Juliana Martínez and I have just published a brief on the Comparative Research Program on Poverty (www.crop.org). You can find it here. Based on our research on Costa Rica, we argue that building complementarities between the welfare regime and the economic regime in developing countries is very complicated. Structural heterogeneity (sharp differences between low productivity and high productivity sectors) means that it is hard to generate enough revenues to support social policy and, at the same time, a high demand for education spending. It is a first attempt to understand these complementarities, which are probably at the heart of our future research and policy agenda in Latin America.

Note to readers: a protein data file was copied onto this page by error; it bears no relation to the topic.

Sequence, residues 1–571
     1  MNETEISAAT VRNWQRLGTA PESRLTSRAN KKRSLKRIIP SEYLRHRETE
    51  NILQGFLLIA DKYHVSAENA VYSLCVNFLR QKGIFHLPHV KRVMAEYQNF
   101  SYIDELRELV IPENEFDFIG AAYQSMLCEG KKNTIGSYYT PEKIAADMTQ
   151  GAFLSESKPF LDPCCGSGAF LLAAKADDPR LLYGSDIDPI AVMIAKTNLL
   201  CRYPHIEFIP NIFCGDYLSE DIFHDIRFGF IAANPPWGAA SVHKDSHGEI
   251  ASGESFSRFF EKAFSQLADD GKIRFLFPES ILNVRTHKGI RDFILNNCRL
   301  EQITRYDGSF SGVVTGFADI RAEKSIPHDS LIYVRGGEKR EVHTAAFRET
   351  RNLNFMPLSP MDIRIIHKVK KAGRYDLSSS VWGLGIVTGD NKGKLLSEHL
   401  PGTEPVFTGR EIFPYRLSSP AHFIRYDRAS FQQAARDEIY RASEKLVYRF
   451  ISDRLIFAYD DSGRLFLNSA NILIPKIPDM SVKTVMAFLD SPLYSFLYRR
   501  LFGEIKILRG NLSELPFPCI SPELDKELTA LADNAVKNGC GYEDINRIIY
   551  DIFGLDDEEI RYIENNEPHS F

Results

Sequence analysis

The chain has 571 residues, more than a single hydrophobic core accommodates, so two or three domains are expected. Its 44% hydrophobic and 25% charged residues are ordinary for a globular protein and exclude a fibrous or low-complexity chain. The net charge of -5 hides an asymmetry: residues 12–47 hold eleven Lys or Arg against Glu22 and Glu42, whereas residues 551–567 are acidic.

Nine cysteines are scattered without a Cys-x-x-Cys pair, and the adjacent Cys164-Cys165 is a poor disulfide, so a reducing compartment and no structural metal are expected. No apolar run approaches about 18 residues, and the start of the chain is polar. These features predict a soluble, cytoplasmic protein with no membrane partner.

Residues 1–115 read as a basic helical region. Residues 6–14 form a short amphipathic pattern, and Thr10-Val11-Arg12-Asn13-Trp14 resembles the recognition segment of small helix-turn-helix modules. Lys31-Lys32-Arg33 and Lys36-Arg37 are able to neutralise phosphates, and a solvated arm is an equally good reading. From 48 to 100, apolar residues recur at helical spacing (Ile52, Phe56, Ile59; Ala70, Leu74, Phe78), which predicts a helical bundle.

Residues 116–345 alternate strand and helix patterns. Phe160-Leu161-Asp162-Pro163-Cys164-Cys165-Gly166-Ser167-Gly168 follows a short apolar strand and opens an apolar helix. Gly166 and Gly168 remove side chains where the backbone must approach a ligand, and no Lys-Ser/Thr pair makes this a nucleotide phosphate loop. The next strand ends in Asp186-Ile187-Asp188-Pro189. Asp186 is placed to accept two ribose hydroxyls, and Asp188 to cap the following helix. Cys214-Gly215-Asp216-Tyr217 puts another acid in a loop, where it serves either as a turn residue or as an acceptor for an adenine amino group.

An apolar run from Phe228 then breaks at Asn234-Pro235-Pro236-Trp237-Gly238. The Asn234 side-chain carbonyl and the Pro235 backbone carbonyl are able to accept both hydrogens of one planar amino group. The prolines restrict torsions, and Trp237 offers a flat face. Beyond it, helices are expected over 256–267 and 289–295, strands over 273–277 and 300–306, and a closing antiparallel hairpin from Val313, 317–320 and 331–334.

Comments most welcome!